1. Limited time only! Sign up for a free 30min personal tutor trial with Chegg Tutors
    Dismiss Notice
Dismiss Notice
Join Physics Forums Today!
The friendliest, high quality science and math community on the planet! Everyone who loves science is here!

Homework Help: Find and verify parametric equations for an ellipse

  1. Mar 23, 2008 #1
    1. The problem statement, all variables and given/known data
    Find and verify parametric equations for an ellipse.

    2. Relevant equations

    3. The attempt at a solution

    lets say the equation is x=3cost, y=3sint, domain: 0 to 2pi

    x2 y2
    -- + -- = 1
    a2 b2

    point does verify when t=0 x=3, y=0 which =1
    any help?
  2. jcsd
  3. Mar 23, 2008 #2


    User Avatar
    Homework Helper

    Are you asking about the conversion of the equation for the ellipse from rectangular (Cartesian) to polar coordinates? You already have the first step: your parameterization is actually using polar coordinates, where the angle [tex]\theta[/tex] is expressed as a function of time t (in the simplest possible way, [tex]\theta = t[/tex] ).

    If you substitute your expressions for x and y into the rectangular form of the equation, some work with trig identities will get you to a polar form.
  4. Mar 23, 2008 #3
    I'm sorry I do not understand. Please simplify the sentence.
    There is a question asking to find and verify parametric equations for an ellipse. How would we start and finish such a complex question? Thank you in advance.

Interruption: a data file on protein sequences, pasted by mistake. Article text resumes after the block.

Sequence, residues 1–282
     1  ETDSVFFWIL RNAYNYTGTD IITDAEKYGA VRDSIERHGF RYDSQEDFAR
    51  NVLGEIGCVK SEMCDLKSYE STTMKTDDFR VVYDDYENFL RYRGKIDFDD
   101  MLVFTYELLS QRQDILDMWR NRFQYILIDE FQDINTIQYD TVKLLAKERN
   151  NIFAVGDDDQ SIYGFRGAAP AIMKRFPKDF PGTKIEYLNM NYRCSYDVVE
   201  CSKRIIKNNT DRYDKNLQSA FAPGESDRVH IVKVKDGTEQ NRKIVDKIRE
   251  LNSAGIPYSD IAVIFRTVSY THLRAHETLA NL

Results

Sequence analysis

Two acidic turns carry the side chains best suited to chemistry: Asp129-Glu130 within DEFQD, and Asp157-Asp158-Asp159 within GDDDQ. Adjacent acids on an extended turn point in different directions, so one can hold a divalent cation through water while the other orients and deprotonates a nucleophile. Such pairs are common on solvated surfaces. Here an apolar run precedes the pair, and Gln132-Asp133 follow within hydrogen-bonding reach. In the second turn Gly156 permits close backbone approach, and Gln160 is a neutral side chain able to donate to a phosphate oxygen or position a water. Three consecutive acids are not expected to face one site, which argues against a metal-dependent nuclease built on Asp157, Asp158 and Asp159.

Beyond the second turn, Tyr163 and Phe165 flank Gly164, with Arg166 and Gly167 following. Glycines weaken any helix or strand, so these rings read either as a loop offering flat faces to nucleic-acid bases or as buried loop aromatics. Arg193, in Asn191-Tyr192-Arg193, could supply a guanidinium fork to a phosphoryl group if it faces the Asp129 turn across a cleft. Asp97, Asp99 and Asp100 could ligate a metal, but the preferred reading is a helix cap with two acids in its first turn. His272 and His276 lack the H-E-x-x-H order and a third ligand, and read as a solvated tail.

5. Mar 23, 2008 #4
    I think I understand most of what you are saying, however I am not trying to go from rectangular to polar, I just want to verify this in rectangular form.
  6. Mar 23, 2008 #5


    User Avatar
    Homework Helper

    I took back my last posting because I wasn't sure what you were asking for. If the problem is just asking for verification of the parametrization, you can just substitute the expressions for x and y into the equation for the ellipse. What do you get? If the statement you arrive at is always true, you have verified the parametrization you were given.

    What I was wondering is whether they wanted you to use the polar equation

    r^2 = x^2 + y^2

    and simplify the result into a function r = r(t). But maybe that's more than they're looking for.
  7. Mar 23, 2008 #6


    User Avatar
    Science Advisor
    Homework Helper

    … just plug'n'play …

    Hi, tiny flea! :smile:

    If you're supposed to prove that x=acost, y=bsint satisfies x2/a2 + y2/b2 = 1, why don't you just plug those parametric values for x and y into the equation, and confirm that it is correct?

    What is worrying you about that? :smile:
Share this great discussion with others via Reddit, Google+, Twitter, or Facebook